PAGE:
Ford expands revolving credit, seeking investment-worthy grade

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Artist's rendition of the Ford Motor Co. corporate logo.

Ford Motor Co. wants an investment-worthy grade. (Photo Credit: Public Domain/Magnus Manske/Wikipedia)

Automotive News reports that Ford Motor Co. will soon be in a position to improve its financial liquidity. The financially hamstrung automaker, which continues to reel from the effects of the auto industry bailouts, announced Thursday that it is expanding and extending its revolving credit facility. Ford’s aim is to improve its balance sheet totals so that it can achieve a credit rating that will draw an increasing number of investors.

Desperately seeking financial flexibility

According to various sources, Ford’s revolving credit will increase from $8.9 billion to $9.3 billion. On Nov. 30, 2015, $9 billion of the $9.3 billion will reach maturity. That’s two years later than the credit would have matured before the expansion, notes Automotive News. The remaining $300 million will mature in 2013 as previously planned.

Ford Motor Co. Treasurer Neil Schloss told the automotive media that the automaker’s expanded level of credit “represents an important source of committed liquidity and financial flexibility for Ford.”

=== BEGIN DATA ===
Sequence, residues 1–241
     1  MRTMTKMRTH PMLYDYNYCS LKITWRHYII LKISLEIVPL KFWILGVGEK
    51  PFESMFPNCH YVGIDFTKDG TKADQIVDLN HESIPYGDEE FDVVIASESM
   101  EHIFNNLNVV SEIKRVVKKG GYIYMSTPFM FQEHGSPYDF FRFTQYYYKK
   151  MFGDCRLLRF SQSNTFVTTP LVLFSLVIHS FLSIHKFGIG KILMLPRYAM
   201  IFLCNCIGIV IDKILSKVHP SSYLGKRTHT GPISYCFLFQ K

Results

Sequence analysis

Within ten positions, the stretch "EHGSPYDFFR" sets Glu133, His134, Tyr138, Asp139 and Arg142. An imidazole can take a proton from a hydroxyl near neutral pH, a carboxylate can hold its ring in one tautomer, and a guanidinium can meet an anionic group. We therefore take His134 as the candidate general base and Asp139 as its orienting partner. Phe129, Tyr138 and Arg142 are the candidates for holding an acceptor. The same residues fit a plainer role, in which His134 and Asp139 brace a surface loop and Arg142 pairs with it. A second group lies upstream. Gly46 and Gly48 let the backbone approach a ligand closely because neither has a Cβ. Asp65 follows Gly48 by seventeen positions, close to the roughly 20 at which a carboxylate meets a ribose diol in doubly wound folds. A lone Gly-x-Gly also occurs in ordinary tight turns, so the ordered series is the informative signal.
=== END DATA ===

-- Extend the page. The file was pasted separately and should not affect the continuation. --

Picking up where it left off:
“This is an insurance policy that you hope you never have to use,” Schloss said.

Ford’s 2011 U.S. market share was 16.8 percent, which ranked behind General Motors, at 19.1 percent.

[A Ford is a good car buy]

Propping up the turnaround

Ford’s last helping of revolving business credit before the recent expansion was the massive $23 billion in credit the automaker took in late 2006. The sum was secured at the time by a variety of Ford’s key assets, including rights to the corporate logo. The Financial Times notes that Ford has repaid nearly all of the $23 billion in revolving credit.

Once Ford is able to achieve an investment-grade rating from at least two of the three major corporate credit rating services, the collateral pledged for the 2006 revolving credit distribution will be released back to Ford. Currently, Moody’s Investors Service, Standard and Poor’s Ratings Service and Fitch Ratings all assess Ford Motor Co.’s credit rating just a single step below what stock prospectors consider “investment grade.”

One unsecured credit block, under Ford

Schloss told Automotive News that one clause in the revolving credit expansion agreement Ford now has with banks stipulates that once Ford Motor Co. reaches its investment-grade credit goal, the revolving credit will “shift to an unsecured facility in the near future.” According to Schloss, this “One Ford” plan will “simplify and unify product development and supplies” moving forward.

Sources

Automotive News

The Economic Times

Wall Street Journal


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